Saturday 15 January 2011
No, this wasn't precisely how I'd envisaged my return to Postcards... either. But, since I've written it, I thought I might as well share. It constitutes a companion piece to my most recent piece on the Guardian Theatre Blog and perhaps to Chris Goode's newest blog here.
And so l'affaire de MrKennethTong seems to have drawn to a dramatic close. For those of you who missed it, it basically consisted of a former Big Brother housemate making a series of ridiculously inflammatory statements on the subject of "managed" anorexia, much to varying degrees of horror and disgust from the Twitterati. After several weeks of this (if not more, I arrived rather late at this particular party), Tong consented to give an interview to the journalist Johann Hari (the full text of which can be found here (as can the full audio files of the interview)) shortly after which, he claimed everything he'd said was "a hoax", deleted huge swathes of his Tweets and went very quiet indeed.
Given the nature of his Tweets, the company the man claims to keep, his penchant for threatening people who criticise him, and the deeply disturbing exchange in which he appears to imply that he has gotten away with rape, it seems depressingly unlikely that his Twitter campaign was intended as a hoax at all.
While the full text of the interview in which Hari seems to almost break Tong down psychologically would make a brilliant piece of theatre (ideally not performed naturalistically), as it stands it does have a slightly old-fashioned morality-tale structure to it: nasty man is confronted with error of his ways and panics. At the very least it's like the first Harry Potter book where Voldemort is temporarily banished. While the text is rich in tics and psychological insights into both antagonists - really, even the very best dramatists would be hard pressed to make this kind of thing up - at the same time, the lesson which appears to emerge seems almost too neat - the sort of thesis-play/parable which would look far too contrived on stage if it had been made up.
Much more interesting theatrically is the concept of Tong as Hoax.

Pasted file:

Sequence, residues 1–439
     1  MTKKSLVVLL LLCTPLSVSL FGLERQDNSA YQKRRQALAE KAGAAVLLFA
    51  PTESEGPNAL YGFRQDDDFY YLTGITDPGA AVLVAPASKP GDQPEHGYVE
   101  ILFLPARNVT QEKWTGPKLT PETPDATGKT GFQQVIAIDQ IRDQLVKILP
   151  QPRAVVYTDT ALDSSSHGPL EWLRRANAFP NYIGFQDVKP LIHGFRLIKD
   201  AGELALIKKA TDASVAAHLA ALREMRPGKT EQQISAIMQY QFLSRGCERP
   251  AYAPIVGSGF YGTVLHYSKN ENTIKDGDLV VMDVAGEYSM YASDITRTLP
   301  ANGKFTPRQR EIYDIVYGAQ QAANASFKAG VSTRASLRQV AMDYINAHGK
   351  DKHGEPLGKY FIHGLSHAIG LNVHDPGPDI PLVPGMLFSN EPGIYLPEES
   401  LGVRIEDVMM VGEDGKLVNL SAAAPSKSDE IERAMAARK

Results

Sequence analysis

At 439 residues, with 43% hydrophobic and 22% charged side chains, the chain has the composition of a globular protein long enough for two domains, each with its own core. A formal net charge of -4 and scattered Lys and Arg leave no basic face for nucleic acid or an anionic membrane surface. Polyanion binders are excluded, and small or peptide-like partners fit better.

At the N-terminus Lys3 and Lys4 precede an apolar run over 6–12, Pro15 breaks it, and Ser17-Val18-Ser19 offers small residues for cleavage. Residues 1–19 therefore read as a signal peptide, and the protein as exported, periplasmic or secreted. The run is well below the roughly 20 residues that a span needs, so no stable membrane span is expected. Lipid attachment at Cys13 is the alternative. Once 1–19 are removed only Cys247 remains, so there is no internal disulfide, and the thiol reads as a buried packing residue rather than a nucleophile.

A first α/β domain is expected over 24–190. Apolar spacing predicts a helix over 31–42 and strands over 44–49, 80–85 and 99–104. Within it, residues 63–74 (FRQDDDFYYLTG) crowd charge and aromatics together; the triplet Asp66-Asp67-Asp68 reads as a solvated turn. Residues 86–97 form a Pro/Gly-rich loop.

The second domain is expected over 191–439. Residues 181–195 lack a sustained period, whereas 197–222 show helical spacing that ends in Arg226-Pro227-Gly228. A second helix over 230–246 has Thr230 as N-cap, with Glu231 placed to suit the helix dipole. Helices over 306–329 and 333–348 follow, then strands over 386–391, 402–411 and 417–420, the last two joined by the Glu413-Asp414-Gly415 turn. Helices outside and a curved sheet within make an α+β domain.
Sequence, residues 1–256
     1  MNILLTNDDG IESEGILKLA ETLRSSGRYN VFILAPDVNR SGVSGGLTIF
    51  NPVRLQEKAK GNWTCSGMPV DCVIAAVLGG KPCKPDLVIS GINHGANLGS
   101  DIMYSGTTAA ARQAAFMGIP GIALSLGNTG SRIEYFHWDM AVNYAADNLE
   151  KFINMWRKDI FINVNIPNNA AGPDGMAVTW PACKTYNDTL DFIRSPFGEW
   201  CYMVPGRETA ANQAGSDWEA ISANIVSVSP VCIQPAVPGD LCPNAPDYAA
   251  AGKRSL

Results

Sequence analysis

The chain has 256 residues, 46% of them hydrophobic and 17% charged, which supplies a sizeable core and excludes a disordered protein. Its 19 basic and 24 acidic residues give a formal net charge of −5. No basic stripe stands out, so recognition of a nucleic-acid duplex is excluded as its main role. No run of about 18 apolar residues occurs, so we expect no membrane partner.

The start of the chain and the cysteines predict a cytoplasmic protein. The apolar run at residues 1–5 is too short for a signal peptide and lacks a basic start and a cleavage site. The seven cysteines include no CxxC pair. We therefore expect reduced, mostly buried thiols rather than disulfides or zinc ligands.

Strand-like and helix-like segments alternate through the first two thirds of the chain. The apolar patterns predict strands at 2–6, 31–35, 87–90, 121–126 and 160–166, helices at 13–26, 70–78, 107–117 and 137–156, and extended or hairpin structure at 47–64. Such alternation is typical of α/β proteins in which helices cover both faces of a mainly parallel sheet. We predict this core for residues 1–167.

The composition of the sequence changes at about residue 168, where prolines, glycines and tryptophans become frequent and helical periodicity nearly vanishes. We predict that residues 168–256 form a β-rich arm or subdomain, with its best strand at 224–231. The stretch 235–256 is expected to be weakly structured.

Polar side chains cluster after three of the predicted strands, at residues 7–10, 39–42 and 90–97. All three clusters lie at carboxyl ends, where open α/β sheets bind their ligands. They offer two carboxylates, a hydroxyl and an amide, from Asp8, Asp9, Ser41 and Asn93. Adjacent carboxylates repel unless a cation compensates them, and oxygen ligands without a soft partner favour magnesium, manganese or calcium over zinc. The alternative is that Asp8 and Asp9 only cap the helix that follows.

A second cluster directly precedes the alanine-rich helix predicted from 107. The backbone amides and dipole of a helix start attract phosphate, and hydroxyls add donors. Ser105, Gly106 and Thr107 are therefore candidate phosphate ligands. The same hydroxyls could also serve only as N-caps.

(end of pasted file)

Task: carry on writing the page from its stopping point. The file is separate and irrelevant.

It would have had some excellent precedents. Consider the work of the band Laibach - one of Slovenia's finest artistic achievements. Their basic project was basically covering well-known rock hits, while dressed in uniforms reminiscent of the Third Reich and refusing to confirm that they were joking. As such, you suddenly heard things in the lyrics of songs like Queen's One Vision or Opus's Life is Life in a whole new light.
Another example of this school of Radical Overidentification (the term coined for the movement by fellow Slovenian Slavoj Žižek) is Nike Ground, a "hyper-real theatrical performance" made by 0100101110101101.ORG in Vienna in 2003. The work essentially consisted of the claim that the city's Karlsplatz was to be renamed NikePlatz, with a giant Nike swoosh statue erected in the centre.
The point with Radical Overidentification is that is essentially re-stating what is already the case in only slightly balder terms (what Žižek called the "hidden reverse", or as Boris Groys puts it, being "more total than totalitarianism"). As such, MrKennethTong, even unwittingly, seems to be a perfect example (it's worth reading the articulation of Radical Overidentification in this article if you don't believe me). Indeed, in the interview, Tong reads like nothing more than a repository for the uninterogated truisms upon which one sector of contemporary culture is based; basically the conclusions a naive extra-terrestrial would draw from a study of our popular magazines and television programmes. The point is, he didn't make these ideas up himself. Instead, he holds up a perfectly uncritical mirror to society. Indeed, the apex of this notional Tong's achievement was getting Simon Cowell to angrily denounce the promotion of stick-thin models and conspicuous wealth as "village idiocy".
Leaving aside the fact that Tong doesn't appear to be nearly clever enough to be a radical strategy, he still provides a useful reminder of an alternative form of resistance - rather than writing a play which neatly proves you are right and which plays to the choir, it is far more unsettling (apparently even for Simon Cowell) to witness the grotesquery of the status quo applauded in all seriousness.